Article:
With more publications turning to the web, many have suggested that print is dying. But don't tell that to Kate Jenkins, the founder and editor-in-chief of a new D.C.-based literary magazine called The Intentional that addresses issues of identity and community. Jenkins says she started the magazine about a year-and-a-half ago when she was going through a "quarter-life crisis."
"There were all these articles coming out that were sort of mudslinging people my age and my generation, saying that we were lazy and entitled... and I just was so upset by all of it that I wanted to find a way to formalize the conversation," says Jenkins.
She says a lot of the content relates to the experience of being young in modern times. From essays about watching all of your friends get married to a recent piece by Emily Crockett that discusses "crowd capitalism" and the "gig economy."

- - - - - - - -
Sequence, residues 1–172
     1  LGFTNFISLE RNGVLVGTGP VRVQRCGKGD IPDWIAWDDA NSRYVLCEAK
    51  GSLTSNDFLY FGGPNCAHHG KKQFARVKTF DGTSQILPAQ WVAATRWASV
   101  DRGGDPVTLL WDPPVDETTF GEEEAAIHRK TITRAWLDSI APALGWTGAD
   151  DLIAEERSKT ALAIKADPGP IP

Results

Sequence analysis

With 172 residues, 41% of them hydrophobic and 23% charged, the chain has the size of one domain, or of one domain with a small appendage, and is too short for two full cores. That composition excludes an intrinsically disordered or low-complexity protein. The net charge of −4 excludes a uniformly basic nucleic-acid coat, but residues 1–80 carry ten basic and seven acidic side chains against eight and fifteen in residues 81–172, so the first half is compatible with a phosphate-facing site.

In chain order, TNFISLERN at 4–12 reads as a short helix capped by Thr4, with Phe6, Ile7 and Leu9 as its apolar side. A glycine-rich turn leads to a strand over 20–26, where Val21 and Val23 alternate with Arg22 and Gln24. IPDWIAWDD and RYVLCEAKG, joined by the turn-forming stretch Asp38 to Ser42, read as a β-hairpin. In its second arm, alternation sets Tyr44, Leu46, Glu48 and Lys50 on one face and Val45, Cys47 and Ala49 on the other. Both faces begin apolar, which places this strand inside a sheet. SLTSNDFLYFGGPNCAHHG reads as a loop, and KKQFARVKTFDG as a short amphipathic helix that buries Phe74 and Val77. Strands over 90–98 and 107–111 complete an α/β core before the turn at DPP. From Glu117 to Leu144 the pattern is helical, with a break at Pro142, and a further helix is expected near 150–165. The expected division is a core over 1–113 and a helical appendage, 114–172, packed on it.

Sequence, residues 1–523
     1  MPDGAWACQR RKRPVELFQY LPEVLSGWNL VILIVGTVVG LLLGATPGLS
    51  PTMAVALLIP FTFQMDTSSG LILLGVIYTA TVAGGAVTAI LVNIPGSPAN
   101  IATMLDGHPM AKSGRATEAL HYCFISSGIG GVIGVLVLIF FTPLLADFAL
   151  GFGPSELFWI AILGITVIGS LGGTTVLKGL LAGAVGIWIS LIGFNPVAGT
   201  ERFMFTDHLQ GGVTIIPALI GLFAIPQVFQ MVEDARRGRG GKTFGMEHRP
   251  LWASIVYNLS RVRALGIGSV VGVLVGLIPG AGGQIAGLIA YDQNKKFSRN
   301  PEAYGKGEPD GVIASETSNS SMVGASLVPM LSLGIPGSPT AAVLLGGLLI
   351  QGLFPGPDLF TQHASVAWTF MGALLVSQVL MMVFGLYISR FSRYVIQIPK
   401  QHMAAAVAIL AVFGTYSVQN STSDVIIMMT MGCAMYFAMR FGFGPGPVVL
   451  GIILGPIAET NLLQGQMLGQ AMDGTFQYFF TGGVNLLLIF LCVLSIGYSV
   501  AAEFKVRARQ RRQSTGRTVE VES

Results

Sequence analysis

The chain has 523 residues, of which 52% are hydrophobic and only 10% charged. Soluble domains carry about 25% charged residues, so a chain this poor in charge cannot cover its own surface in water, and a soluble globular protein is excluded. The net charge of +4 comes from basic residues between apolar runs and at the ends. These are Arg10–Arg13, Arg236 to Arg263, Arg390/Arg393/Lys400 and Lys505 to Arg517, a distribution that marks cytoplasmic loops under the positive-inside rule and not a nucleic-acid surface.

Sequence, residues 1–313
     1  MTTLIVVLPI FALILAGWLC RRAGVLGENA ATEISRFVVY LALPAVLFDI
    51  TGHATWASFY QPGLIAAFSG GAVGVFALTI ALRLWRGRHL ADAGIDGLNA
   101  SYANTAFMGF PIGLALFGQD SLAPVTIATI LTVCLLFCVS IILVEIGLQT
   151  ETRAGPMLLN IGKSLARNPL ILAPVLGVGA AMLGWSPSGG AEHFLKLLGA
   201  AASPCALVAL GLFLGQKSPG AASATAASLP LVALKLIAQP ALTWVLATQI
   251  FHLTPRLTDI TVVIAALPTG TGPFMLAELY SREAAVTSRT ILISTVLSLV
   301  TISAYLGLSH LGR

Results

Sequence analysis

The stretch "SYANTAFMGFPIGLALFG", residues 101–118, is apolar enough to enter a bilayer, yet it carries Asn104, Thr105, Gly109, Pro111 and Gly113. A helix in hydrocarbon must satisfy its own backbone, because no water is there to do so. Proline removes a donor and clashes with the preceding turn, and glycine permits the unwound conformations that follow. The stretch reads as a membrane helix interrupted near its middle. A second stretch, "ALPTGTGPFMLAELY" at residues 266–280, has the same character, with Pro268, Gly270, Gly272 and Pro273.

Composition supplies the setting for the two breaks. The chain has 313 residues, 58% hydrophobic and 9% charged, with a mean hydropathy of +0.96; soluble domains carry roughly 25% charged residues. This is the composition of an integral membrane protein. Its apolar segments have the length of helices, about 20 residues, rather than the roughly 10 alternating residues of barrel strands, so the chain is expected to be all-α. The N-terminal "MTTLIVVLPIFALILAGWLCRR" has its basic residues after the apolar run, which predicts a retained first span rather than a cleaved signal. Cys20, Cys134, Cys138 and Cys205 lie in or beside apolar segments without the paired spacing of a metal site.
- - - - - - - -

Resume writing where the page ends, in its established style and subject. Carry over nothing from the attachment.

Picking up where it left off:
"A lot of us are working gigs, and sometimes you might be taking as much time to find work as to do it," she says.
Jenkins says one of the magazine's goals is to support writers, artists and freelancers who are trying to make a living doing what they love.
"Our generation is going through this change where the 9 to 5 for a lot of people just isn't possible, or it's not the best option for them," she says.
Thanks to a growing number of subscribers, Jenkins says The Intentional will soon be able to compensate its contributors.